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That's about all I'd suggest - short stem & riser bars and as wide a tyre as you can fit in.

Maybe also drop the seatpost a bit, and if you are feeling particularly 'rad' and want to fully sign up with the pisspot helmeted hoardes, maybe drop your big chainring for a bashguard.
 

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Discussion Starter · #11 ·
Great. I'm looking forward to the changes ! (Not looking forward to spending $200 but what can you do).
 

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I have to say going from a XC bike to a AM rig has made me fall in love with mountain biking again. If I knew what I knew now I would have swapped out my tires/handlebar/stem first on my XC bike before buying a new bike. This is totally off-topic but doesn't anyone make a "AM" hardtail or a lightweight hardtail with more slack geometry than a typical XC frame? i know all about the more freeride/downhill hardtails but those seem a bit heavy and excessive.
 

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captain spaulding said:
This is totally off-topic but doesn't anyone make a "AM" hardtail or a lightweight hardtail with more slack geometry than a typical XC frame? i know all about the more freeride/downhill hardtails but those seem a bit heavy and excessive.
On One Inbred 456 can take up to a 6" fork. Frame weight is around 4.5 lbs. I don't think it's a huck machine, I prefer to call it a long travel hardtail... I also have a frame I built myself that weighs 4.25 lbs and has a 5" fork (68 degree HA). With a 3" fork it has a 70 degree HA. I did not put gussets in the down tube or head tube but I did pump up the bottom of the down tube with an extra bit of brass just in case.
 

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captain spaulding said:
I have to say going from a XC bike to a AM rig has made me fall in love with mountain biking again. If I knew what I knew now I would have swapped out my tires/handlebar/stem first on my XC bike before buying a new bike. This is totally off-topic but doesn't anyone make a "AM" hardtail or a lightweight hardtail with more slack geometry than a typical XC frame? i know all about the more freeride/downhill hardtails but those seem a bit heavy and excessive.
The Banshee Viento is a nice hardtail that can fullfill this. It can take from a 100mm to 160mm fork, and is tough, but not heavy. I have one and I'm glad about it.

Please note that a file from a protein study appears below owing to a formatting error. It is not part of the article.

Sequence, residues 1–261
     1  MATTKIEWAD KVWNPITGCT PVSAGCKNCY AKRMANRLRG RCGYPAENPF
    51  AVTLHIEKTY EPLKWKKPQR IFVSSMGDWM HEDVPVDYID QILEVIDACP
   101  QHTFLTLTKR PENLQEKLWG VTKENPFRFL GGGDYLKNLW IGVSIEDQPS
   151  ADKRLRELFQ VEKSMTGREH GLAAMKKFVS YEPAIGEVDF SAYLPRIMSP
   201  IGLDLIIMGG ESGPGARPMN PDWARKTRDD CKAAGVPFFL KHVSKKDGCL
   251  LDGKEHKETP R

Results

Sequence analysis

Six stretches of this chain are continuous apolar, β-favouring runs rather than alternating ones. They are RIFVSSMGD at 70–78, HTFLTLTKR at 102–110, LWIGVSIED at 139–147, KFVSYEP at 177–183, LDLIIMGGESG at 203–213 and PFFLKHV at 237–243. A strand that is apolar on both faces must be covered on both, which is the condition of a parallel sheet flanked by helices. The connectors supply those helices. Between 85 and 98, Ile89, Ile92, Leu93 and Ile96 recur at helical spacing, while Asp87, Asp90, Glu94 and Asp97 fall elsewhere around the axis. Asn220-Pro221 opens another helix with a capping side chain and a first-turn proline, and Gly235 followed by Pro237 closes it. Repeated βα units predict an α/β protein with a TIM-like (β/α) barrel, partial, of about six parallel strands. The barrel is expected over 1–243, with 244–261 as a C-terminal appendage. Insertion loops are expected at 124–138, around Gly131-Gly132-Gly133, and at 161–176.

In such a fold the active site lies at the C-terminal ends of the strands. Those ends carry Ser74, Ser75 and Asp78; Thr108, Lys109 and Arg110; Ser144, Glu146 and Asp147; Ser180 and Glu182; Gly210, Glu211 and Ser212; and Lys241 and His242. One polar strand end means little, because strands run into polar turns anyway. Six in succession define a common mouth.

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This is what I did

I am currently riding a Giant XTC. I live in the Pacific NW so I adjusted some things. I went up to a 2.3 tire front and back, and went up to 100 mm fork (120 may have been a better choice) and shortened to 100 mm stem (some go 90 but I like the climbing feel of 100). You already know I'm sure (but with a race bike) disc brakes are the way to go. All of this has done quite a bit to mellow the harshness of a lighter "race" (XC) bike ride. This makes rolling all day over root and rock a lot more comfortable. A racer may feel like the zip acceleration is gone but it makes a big difference on the downs.

As far as budget upgrades, I like the Marzzochi MX series with the ETA 120-100. The fork can take a beating. Hayes HFX 9's are on sale everywhere, but I like the feel of Avid Mech.

Just my two cents, I hope it's helpful. By the way this is my first post, thanks for pulling from the ranks of a Lurker. Oh, and I am seriouly considering a Viento frame. Though the biking buddies insist full suspension is the way to go.
 

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TrailBum said:
I am currently riding a Giant XTC. I live in the Pacific NW so I adjusted some things. I went up to a 2.3 tire front and back, and went up to 100 mm fork (120 may have been a better choice) and shortened to 100 mm stem (some go 90 but I like the climbing feel of 100). You already know I'm sure (but with a race bike) disc brakes are the way to go. All of this has done quite a bit to mellow the harshness of a lighter "race" (XC) bike ride. This makes rolling all day over root and rock a lot more comfortable. A racer may feel like the zip acceleration is gone but it makes a big difference on the downs.

As far as budget upgrades, I like the Marzzochi MX series with the ETA 120-100. The fork can take a beating. Hayes HFX 9's are on sale everywhere, but I like the feel of Avid Mech.

Just my two cents, I hope it's helpful. By the way this is my first post, thanks for pulling from the ranks of a Lurker. Oh, and I am seriouly considering a Viento frame. Though the biking buddies insist full suspension is the way to go.
By the way, I have a Viento, and boy, that bike is awesome!